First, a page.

My family doesn’t do Christmas (or Hanukkah, or anything remotely similar).  We dropped it about 20 years ago, when some of us began complaining about crowded shopping malls and long to-do lists and holiday stress.  None of us have children, so really, we can do whatever we want.

Once we made the decision, a great tradition was born.  Every year at Christmas we would go somewhere and eat Chinese food and watch a movie, or sometimes go skiing.  One year we spent the holidays in Austin, Texas, where I was living at the time, and went out to see the premier of Pulp Fiction.  Another year we went to Portland, Maine where my brother was living and ate sushi and stayed out late.

In more recent years the tradition has faltered because I was teaching skiing in Colorado and always had to work over the holidays.  But now I’m back home with the family, so this year we’ll do the dinner-and-a-movie thing again.  I’ve been watching my friends frantically buying and wrapping presents and decorating their homes and baking cookies, and while some of them are certainly having fun some of the time, most of them seem to be having no fun most of the time.  They look just as harried and over-worked as they were in their offices before they went out for their holiday vacations.  They looked forward to a break and then they saddled themselves with even more responsibilities than they had before the vacation.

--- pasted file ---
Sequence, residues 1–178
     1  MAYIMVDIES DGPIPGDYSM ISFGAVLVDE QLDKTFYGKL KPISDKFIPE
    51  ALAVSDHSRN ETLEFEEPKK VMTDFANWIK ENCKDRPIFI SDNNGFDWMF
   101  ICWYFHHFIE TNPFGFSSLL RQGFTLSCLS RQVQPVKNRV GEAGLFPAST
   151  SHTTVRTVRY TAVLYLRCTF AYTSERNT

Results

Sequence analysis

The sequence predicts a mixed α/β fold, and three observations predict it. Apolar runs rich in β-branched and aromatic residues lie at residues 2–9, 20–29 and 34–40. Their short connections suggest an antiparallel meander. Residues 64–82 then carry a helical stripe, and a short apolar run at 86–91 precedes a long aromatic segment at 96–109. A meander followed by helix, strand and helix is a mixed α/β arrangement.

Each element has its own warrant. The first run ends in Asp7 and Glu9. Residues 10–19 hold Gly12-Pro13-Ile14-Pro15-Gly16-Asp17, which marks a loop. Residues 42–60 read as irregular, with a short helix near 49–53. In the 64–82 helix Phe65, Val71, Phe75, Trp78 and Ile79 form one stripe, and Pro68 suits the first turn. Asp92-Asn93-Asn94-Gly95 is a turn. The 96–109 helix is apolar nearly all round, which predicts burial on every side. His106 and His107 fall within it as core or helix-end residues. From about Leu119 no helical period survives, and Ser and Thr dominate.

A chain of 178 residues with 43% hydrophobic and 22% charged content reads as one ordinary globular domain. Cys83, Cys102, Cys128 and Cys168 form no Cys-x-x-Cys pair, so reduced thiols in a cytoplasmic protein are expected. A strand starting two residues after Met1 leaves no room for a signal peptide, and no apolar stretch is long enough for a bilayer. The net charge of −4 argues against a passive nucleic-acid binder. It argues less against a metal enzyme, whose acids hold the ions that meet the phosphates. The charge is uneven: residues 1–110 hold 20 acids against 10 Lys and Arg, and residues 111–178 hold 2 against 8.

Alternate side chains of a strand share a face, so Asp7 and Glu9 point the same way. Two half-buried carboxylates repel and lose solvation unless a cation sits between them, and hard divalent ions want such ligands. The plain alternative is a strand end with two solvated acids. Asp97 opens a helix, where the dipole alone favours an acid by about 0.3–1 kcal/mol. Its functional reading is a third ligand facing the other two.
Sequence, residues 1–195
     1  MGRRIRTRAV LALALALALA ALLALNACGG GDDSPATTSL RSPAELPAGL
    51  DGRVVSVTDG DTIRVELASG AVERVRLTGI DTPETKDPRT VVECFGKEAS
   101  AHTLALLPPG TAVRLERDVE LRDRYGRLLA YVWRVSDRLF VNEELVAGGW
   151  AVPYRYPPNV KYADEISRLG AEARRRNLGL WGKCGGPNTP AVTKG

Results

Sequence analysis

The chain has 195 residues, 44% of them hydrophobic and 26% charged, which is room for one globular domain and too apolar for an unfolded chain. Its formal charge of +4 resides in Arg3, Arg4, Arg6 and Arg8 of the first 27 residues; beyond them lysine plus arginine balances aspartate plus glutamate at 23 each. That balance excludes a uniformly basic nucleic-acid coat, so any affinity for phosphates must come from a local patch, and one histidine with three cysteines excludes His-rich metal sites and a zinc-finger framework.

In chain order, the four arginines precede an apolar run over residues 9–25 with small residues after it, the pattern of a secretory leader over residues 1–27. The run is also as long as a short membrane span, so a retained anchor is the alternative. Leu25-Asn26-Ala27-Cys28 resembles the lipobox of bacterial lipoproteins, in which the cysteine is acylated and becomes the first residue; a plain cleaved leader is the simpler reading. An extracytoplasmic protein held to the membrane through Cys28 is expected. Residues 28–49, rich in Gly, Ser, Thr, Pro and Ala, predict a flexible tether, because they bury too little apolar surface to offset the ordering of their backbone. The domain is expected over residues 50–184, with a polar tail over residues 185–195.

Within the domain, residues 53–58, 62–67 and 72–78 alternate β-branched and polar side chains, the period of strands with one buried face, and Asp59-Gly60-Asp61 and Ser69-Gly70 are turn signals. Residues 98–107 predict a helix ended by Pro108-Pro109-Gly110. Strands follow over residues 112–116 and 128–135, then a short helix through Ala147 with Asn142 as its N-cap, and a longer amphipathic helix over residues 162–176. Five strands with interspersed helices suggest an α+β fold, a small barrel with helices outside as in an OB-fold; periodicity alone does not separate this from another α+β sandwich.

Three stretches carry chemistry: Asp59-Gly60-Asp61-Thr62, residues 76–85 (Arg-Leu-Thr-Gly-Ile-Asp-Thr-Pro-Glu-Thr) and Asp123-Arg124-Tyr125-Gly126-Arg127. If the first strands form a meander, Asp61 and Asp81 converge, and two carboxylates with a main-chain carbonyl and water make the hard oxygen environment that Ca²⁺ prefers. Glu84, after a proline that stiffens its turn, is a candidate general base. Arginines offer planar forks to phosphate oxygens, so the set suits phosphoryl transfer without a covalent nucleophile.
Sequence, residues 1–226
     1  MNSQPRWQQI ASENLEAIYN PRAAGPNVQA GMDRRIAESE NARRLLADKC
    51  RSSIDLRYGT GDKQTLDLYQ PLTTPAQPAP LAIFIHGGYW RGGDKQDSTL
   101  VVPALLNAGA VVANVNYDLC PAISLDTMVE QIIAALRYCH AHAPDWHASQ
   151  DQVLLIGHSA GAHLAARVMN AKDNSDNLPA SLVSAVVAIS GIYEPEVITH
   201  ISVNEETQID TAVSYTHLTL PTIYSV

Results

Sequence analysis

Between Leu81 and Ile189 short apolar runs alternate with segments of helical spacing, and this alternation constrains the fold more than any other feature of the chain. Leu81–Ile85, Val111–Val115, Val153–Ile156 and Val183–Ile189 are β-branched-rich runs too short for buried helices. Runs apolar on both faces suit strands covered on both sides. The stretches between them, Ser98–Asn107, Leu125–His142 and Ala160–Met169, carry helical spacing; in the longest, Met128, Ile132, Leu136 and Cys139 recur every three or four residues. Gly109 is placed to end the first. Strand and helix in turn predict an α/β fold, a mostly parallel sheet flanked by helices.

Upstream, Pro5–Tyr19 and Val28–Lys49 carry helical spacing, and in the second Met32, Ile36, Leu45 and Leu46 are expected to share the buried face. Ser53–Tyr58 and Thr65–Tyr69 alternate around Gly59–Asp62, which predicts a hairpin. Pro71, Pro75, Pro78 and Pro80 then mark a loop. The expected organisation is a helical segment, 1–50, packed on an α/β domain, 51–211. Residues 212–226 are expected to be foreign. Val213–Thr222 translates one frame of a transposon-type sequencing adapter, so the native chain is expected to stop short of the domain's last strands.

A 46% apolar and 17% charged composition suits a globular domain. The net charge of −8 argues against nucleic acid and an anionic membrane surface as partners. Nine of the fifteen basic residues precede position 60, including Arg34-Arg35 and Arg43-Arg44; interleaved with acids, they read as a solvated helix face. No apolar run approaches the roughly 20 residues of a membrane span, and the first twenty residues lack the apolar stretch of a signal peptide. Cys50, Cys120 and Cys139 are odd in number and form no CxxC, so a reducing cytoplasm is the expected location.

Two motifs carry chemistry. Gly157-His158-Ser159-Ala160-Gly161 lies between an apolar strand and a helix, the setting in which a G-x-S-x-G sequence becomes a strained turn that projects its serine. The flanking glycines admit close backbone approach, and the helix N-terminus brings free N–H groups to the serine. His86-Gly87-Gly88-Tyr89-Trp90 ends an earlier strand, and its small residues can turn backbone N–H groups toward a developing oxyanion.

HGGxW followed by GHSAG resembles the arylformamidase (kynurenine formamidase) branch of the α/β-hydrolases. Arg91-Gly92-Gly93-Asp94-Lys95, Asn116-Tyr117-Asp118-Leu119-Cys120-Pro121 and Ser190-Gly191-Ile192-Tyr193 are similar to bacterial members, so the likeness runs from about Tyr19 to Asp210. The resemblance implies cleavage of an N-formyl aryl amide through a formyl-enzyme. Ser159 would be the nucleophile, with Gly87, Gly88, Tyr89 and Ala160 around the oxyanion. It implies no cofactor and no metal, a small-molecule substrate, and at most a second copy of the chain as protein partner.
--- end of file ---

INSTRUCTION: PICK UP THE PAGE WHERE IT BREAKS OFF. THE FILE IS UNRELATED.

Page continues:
Meanwhile, I’ve been having a relaxing week, catching up on work projects in the mornings and hiking with my dog in the afternoons.  I plan to do the same all through next week.  When everyone returns to their offices on January 3rd and pulls their hair out over how much catching up they have to do (and how tired they are from the vacation to-do lists), I’ll be feeling ahead of the game and well-rested.

I’m not saying it could work for everyone.  If you have kids, you probably gotta do the holidays.  If you’re a devout Christian or Jew you may feel strongly about maintaining some holiday rituals.   But sometimes we think we have to celebrate things in traditional ways just because it’s the done thing.  What the holidays really mean to me is spending time with my family.  That doesn’t have to include the trappings of Christmas commercialism, does it?

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